Dennis Hof, a pimp turned Trump-inspired Republican candidate for the Nevada State Assembly, died last month.
On Tuesday, he won his election.
By that point, it was too late to take his name off the ballot. Under Nevada law, if a candidate who is deceased is elected, the rules are the same as if the person died in office: The county commissioners appoint someone who is in the same party as the deceased to fill the seat. (As the assembly district is comprised of three different counties, the process will be slightly more complicated, with each county commissioner putting forward a candidate for the office, with the winner chosen in a vote weighted by which county has more of the district’s population.)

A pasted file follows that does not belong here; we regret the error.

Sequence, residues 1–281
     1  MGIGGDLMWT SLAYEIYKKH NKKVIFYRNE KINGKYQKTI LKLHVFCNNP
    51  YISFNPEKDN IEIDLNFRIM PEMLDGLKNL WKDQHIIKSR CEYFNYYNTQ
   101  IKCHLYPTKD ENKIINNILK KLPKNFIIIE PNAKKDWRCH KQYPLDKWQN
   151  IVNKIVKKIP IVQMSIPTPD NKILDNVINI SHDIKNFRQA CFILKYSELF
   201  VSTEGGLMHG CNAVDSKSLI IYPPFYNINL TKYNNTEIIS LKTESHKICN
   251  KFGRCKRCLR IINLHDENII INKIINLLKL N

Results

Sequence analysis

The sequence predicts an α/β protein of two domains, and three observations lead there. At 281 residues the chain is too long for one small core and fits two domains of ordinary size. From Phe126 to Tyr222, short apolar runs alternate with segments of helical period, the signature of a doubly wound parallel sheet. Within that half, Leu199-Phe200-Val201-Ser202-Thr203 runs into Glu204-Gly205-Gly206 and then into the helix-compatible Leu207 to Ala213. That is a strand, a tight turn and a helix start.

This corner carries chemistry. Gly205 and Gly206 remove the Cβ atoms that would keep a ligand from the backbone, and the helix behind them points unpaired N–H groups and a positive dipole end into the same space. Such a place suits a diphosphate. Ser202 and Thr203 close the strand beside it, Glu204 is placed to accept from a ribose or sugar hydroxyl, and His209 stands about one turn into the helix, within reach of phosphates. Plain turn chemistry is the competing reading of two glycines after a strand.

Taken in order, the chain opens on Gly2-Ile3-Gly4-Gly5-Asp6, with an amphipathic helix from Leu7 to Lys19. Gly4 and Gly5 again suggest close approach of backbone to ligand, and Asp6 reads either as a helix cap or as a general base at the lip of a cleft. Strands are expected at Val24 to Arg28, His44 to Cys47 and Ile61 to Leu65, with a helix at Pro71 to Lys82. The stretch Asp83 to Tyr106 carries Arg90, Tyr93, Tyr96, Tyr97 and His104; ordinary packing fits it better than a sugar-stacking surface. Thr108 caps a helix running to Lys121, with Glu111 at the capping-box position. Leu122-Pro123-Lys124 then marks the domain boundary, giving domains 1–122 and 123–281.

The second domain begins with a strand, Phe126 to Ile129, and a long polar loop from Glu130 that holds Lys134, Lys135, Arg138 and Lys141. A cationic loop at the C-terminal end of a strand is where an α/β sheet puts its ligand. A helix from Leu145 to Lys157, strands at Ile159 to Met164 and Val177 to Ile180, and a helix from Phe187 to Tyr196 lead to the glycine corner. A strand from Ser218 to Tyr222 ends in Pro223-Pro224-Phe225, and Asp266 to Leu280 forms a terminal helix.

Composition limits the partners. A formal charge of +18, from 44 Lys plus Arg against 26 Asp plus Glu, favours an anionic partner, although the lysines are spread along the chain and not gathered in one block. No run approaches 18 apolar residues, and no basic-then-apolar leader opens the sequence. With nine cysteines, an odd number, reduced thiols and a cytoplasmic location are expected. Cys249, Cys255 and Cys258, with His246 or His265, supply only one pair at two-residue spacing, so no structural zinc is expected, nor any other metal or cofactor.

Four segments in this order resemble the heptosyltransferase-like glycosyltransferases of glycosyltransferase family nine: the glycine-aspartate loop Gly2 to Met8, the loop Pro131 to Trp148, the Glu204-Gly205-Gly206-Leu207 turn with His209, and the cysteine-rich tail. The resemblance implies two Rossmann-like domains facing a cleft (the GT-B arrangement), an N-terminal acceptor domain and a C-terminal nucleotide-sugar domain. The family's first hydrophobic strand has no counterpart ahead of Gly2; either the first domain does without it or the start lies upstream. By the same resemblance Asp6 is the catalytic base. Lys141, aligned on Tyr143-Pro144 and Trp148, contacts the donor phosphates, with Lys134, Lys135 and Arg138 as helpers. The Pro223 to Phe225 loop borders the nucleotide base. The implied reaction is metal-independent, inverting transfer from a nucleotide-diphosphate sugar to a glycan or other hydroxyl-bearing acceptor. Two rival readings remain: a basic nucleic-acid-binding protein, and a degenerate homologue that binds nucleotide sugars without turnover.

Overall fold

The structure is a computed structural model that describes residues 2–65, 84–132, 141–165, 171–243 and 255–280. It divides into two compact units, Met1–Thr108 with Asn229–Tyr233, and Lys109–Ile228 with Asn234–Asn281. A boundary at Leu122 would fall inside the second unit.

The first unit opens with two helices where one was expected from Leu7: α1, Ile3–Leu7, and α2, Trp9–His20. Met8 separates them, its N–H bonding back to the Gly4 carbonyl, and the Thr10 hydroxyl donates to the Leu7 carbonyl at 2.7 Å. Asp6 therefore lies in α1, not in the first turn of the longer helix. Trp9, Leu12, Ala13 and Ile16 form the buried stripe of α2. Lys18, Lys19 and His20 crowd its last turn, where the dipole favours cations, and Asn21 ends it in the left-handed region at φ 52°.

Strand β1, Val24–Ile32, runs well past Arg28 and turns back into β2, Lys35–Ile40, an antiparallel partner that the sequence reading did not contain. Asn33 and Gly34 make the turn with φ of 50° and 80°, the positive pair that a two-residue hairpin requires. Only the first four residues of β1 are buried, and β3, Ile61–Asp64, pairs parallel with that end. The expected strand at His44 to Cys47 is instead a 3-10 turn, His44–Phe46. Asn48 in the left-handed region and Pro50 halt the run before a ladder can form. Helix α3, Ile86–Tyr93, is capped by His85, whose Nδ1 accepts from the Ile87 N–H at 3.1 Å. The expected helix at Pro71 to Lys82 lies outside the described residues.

Not all Nevada Republicans had been high on Hof, who ousted a Republican incumbent assemblyman, bashing him and many of his colleagues as RINOs — Republicans in Name Only.
But when Hof died, electing him became a sure way of keeping the seat in Republican hands.
He defeated Democrat Lesia Romanov.